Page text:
Fort Worth area students participating in the International Asteroid Search Campaign capture an outstanding image of a galaxy some 37-million light years away. Just a month ago, Dallas area students participating in the same Hardin-Simmons University-based sky watch program discovered a virtual Earth impactor.
IASC is an Internet-based space-watching program for high school and college classes around the world directed by Hardin-Simmons professor Dr. Patrick Miller. The objective of the search campaign is really two-fold: to keep an eye out for objects in space that could be potentially dangerous to Earth, and to prepare young scientist for future endeavors.
Under the guidance of their teachers, students analyze images with free software tools, searching for new asteroids and confirmations of near-Earth objects.
A student from the Colleyville Heritage High School “captured an outstanding image yesterday morning of the Whirlpool Galaxy,” says Miller. “The Colleyville students have been actively measuring images from two telescopes that take images of deep-space objects from ground-based locations in Hawaii and Australia.” The telescopes are directly controllable over the Internet.
Dr. Miller says the Colleyville students are participating in one of two concurrent IASC campaigns. The Faulkes Telescope Campaign pairs five schools from the United States and five schools from the United Kingdom who use the telescopes in the northern and southern hemispheres to take deep-space images.
Colleyville astronomy teacher Leslie Howell says, “Our most recent observation was of an asteroid identified by students Dylan Adams, Cole Stuart, Michelle Warnock, and Remi Dimarco. Fortunately, this asteroid is not a threat to Earth, but the objective of the program is to track asteroids and locate new ones that could be on a collision course with Earth.”
Meanwhile, students in the other ISAC program found exactly that—a virtual Earth impactor. Using telescopes in other locations across the United States, students in Europe and the U.S. have reported five new Main Belt Asteroid discoveries. One of the discoveries is a virtual Earth impactor, which means it has an orbit that poses a potential impact hazard to the Earth. This discovery was made on March 24 by students at the Jesuit College Preparatory School in Dallas.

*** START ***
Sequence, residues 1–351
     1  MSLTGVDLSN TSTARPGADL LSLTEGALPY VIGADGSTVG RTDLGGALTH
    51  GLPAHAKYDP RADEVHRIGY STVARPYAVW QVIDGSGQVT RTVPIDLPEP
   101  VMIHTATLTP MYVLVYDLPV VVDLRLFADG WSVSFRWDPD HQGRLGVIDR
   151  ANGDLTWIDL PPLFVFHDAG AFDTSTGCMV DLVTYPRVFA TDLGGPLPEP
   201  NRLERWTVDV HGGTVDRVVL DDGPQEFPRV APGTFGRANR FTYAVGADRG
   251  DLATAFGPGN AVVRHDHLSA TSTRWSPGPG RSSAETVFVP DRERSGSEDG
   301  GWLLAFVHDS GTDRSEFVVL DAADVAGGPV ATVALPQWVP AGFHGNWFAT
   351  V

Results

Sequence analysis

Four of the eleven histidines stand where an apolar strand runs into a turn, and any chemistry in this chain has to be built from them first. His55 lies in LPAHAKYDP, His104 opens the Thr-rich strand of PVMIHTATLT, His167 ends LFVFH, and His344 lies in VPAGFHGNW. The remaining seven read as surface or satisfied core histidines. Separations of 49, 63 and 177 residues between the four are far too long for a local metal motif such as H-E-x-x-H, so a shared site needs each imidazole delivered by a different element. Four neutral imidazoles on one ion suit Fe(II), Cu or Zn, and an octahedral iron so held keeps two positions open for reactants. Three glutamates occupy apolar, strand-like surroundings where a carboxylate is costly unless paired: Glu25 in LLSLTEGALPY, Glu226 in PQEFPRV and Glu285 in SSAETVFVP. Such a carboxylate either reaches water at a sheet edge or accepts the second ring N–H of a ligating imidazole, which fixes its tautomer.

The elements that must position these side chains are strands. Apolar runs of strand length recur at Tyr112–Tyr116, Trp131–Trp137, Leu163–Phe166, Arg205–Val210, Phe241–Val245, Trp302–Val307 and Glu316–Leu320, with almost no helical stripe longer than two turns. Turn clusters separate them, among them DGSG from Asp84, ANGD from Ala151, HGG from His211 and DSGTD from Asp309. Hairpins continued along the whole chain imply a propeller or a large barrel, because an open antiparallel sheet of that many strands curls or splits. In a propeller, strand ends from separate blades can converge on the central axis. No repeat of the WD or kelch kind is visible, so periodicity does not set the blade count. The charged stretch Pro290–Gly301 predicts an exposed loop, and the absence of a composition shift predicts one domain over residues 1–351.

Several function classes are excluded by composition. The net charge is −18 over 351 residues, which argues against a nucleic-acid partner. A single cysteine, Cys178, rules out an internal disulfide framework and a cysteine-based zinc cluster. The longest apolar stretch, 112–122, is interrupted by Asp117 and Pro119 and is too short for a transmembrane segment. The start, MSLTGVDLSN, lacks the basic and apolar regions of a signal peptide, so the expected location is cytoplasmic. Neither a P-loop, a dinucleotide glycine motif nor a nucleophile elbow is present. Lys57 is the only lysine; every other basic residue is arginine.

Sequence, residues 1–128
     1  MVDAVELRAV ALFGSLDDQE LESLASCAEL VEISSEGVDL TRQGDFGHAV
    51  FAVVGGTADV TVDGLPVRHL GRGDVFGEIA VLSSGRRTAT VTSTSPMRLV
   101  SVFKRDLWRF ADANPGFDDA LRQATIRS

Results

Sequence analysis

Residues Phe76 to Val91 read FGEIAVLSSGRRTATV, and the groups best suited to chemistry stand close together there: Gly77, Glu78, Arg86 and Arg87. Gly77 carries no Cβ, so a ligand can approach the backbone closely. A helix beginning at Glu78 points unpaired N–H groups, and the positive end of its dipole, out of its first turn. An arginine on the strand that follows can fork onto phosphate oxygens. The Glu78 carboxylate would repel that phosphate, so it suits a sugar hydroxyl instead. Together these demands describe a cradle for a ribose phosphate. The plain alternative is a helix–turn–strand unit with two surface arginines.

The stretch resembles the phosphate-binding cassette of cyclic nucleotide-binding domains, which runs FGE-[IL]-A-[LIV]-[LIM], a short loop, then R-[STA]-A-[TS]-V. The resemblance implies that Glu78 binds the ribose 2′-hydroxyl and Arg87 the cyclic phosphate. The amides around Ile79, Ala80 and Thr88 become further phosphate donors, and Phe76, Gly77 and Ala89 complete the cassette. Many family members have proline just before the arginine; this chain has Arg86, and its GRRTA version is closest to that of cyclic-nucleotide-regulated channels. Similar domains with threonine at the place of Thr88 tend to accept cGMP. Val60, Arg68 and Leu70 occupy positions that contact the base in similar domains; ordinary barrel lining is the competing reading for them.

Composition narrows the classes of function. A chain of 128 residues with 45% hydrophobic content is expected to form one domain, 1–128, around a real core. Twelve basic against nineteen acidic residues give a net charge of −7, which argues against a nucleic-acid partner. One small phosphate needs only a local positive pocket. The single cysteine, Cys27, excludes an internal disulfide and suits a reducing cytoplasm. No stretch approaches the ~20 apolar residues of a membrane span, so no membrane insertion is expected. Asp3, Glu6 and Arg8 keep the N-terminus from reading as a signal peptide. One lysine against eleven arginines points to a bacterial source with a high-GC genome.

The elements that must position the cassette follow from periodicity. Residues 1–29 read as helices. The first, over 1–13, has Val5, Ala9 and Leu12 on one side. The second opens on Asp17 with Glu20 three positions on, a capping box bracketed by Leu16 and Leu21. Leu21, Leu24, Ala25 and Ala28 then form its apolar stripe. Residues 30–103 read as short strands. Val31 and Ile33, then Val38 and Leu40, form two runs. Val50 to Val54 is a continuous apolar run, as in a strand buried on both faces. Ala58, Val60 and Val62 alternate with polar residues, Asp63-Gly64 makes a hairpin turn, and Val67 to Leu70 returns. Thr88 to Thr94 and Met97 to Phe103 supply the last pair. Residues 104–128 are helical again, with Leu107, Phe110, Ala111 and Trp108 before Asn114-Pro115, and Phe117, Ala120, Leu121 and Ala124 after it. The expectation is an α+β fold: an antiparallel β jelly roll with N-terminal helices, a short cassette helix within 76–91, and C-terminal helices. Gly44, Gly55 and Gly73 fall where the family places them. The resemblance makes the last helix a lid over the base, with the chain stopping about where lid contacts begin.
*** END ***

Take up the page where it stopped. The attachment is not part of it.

Student discoveries are reported to the Minor Planet Center in Cambridge, Massachusetts, which gives the students published recognition.
The six-week sky-watching campaign involving seven countries on five continents began on March 8 and concludes on May 7. Two new campaigns are set to run simultaneously on two continents next month. The All-Africa Asteroid Search Campaign and the All-India Search Campaign will start on May 17. Students will continue to track all of the near-Earth objects while keeping an eye out for any new objects.
Miller says, “This year 36 new Main Belt asteroids and 197 near-Earth objects have been confirmed by the students participating in the HSU-based program.” Miller started the International Asteroid Search Collaboration in 2006 with just five participating schools. IASC new serves nearly 250 schools per year from 25 countries with students noting over 1,700 near-Earth object observations.
Hardin-Simmons University, founded in 1891 in Abilene, Texas, is a fully accredited church-related Master’s (comprehensive) University, affiliated with the Baptist General Convention of Texas since 1941 and offers excellence in education enlightened by Christian faith and values. HSU offers seven undergraduate degrees with 70 majors and seven graduate degrees with 18 programs. Pre-professional programs include dentistry, engineering, medicine, law, pharmacy, seminary, and a Doctorate in Physical Therapy.